Saturday, December 24, 2011 | By: Brianna

We Need a Little Christmas

Yesterday I went to my friend Molly's house to help her make a buche de Noel.  Which for those of you (like me) who didn't know, is a Yule Log.  And when I say "help," I mean that in the loosest sense of the word because I did a lot of quality control.  And chocolate chip eating.  Though I did separate eggs.  Which was pretty cool.

Anyway, while making this baked magical goodness, the question of "why a log?" came to me.  So I'm going to attempt to explain three Christmas traditions before Googling them all and bringing back what I learn off the Internet.  Fun, right?  Heeeeere we go!

1. The Yule Log
A Yule Log is a delicious rolled up sponge cake frosted to look like a log.  It's usually decorated with sprigs of holly or pine needles and sometimes powdered sugar snow.  Part of the challenge of making a Yule Log is to make it look as realistic as possible.  You can even add mushrooms made out of meringue, but we didn't do that because it took too much effort and time.

Now, why a log?  Well.  In the olden days in Europe, there was a time when everything was scarce.  Food, water, sugar...dirt... The only thing that was plentiful was wood from the nearby forests.  So every year during Christmastime, families would go out into the forest and cut down a small bit of wood off a tree and bring it home.  There they had the option of either roasting it up and slicing it for a dessert after their scant dinner, or they could roll the log into the fireplace and have a single evening of warmth for the holiday.  Nowadays since everything is significantly more plentiful and heaters have been invented, the people of Europe remember their difficult times and make a Yule Log in remembrance of their predecessors' struggles during a time of need.  Plus cake is much tastier than tree.

Wikipedia informs me that the original Yule Log was part of an ancient fire festival to celebrate the winter solstice.  It also says that in some countries an entire tree was cut down to provide maximum warmth and endurance and that the thickest part of the tree was put into the fire first while the rest of the tree hung out into the house.  The connection between Yule Log and cake is unclear, just that the cake exists and it's meant to look like the log ready for fire.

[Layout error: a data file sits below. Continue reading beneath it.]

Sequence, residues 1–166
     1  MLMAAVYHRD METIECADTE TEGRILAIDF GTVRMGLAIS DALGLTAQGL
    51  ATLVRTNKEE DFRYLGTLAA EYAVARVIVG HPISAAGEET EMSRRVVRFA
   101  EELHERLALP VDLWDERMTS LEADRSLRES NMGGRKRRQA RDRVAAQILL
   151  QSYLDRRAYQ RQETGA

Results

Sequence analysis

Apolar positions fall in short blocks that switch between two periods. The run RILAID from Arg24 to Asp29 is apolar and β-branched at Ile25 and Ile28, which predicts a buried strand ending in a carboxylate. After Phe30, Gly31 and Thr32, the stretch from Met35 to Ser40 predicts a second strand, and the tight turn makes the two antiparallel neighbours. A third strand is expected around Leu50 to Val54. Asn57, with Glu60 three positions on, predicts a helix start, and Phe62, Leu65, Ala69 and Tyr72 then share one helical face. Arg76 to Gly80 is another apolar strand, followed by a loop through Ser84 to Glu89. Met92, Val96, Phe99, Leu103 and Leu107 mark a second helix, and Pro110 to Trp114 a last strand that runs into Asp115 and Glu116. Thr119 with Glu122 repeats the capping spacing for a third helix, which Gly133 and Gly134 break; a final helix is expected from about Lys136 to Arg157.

2. Mistletoe
Well.  Mistletoe, if you didn't know, is poisonous.  So they actually hung mistletoe from the ceiling to prevent the nargles (J.K. Rowling knows...) from infesting Christmas parties around the world.  Unfortunately, those who knew about the poisonous properties of mistletoe were unaware that mistletoe actually attracted nargles. This meant that there were little buzzing creatures hanging out in households of ordinary and magical people alike.  The plant was hung in doorways to discourage nargles from entering the house, but when the host was seeing their guests off after the party they would kiss each person in turn.  It was then discovered that when kissing beneath the mistletoe, the nargles were lulled into a state of calm which ceased the buzzing.

Not only is mistletoe poisonous, but I've also learned (from Wikipedia) that some forms of it are parasitic.  Excuse me, they're "hemi-parasites" though they have some medicinal qualities.  Further, I had to look up kissing traditions to figure out why kissing under the mistletoe was a big deal.  References to kissing under the mistletoe didn't occur until the 18th century, and that was explaining that young men had the privilege of kissing a young lady if he met her under the mistletoe.  He would then pluck one of the berries from the sprig, and once all the berries were gone, that privilege ceased.  Otherwise it would be bad luck.  Although there's also a theory that the tradition hails from Norse mythology.

3. Reindeer
Reindeer are a thing because they live near the northern parts of the world.  So naturally when the legend-writers were looking for a steed for His Jollyness, the reindeer was the obvious choice.  A tribunal of reindeer has gathered every year since that time in an attempt to find a different steed for Santa Claus or at least to increase the rights of reindeer workers at the North Pole (they don't have the same rights as elves or anything).  Dasher and Dancer acknowledge the image of a flying reindeer is important to the winter holiday, but Comet maintains that they should just go underground and forget about the whole flying thing.  The fairies who provide the fairy dust and happy thoughts for the reindeer to use while flying agree that their resources are dwindling in this tough economy and that reindeer should be allowed a break too.

According to Wikipedia, the reindeer thing came from the poem "The Night Before Christmas," and we're all familiar with that.

"It is Christmas in the heart that puts Christmas in the air."
- W.T. Ellis


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